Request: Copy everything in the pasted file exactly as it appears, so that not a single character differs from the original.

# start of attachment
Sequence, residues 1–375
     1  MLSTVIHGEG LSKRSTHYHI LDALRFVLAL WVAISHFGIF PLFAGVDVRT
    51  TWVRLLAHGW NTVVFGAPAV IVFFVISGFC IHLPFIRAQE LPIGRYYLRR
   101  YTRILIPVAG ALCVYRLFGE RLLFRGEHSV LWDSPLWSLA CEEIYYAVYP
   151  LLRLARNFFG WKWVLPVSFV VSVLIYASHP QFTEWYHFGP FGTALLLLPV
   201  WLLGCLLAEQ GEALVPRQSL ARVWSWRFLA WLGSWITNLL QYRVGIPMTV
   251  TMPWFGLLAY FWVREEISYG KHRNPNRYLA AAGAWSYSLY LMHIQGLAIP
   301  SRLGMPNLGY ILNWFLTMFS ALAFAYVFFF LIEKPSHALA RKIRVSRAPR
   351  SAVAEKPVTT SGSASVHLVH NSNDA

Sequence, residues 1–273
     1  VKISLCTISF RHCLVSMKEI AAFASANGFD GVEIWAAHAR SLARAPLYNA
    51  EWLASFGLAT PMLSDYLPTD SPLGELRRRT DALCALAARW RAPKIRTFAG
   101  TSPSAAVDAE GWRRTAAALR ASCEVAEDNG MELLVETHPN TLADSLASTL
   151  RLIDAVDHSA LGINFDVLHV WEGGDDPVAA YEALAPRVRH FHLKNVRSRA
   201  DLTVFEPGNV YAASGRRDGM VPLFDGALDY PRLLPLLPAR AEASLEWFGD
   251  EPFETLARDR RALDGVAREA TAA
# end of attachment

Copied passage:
Sequence, residues 1–375
     1  MLSTVIHGEG LSKRSTHYHI LDALRFVLAL WVAISHFGIF PLFAGVDVRT
    51  TWVRLLAHGW NTVVFGAPAV IVFFVISGFC IHLPFIRAQE LPIGRYYLRR
   101  YTRILIPVAG ALCVYRLFGE RLLFRGEHSV LWDSPLWSLA CEEIYYAVYP
   151  LLRLARNFFG WKWVLPVSFV VSVLIYASHP QFTEWYHFGP FGTALLLLPV
   201  WLLGCLLAEQ GEALVPRQSL ARVWSWRFLA WLGSWITNLL QYRVGIPMTV
   251  TMPWFGLLAY FWVREEISYG KHRNPNRYLA AAGAWSYSLY LMHIQGLAIP
   301  SRLGMPNLGY ILNWFLTMFS ALAFAYVFFF LIEKPSHALA RKIRVSRAPR
   351  SAVAEKPVTT SGSASVHLVH NSNDA

Sequence, residues 1–273
     1  VKISLCTISF RHCLVSMKEI AAFASANGFD GVEIWAAHAR SLARAPLYNA
    51  EWLASFGLAT PMLSDYLPTD SPLGELRRRT DALCALAARW RAPKIRTFAG
   101  TSPSAAVDAE GWRRTAAALR ASCEVAEDNG MELLVETHPN TLADSLASTL
   151  RLIDAVDHSA LGINFDVLHV WEGGDDPVAA YEALAPRVRH FHLKNVRSRA
   201  DLTVFEPGNV YAASGRRDGM VPLFDGALDY PRLLPLLPAR AEASLEWFGD
   251  EPFETLARDR RALDGVAREA TAA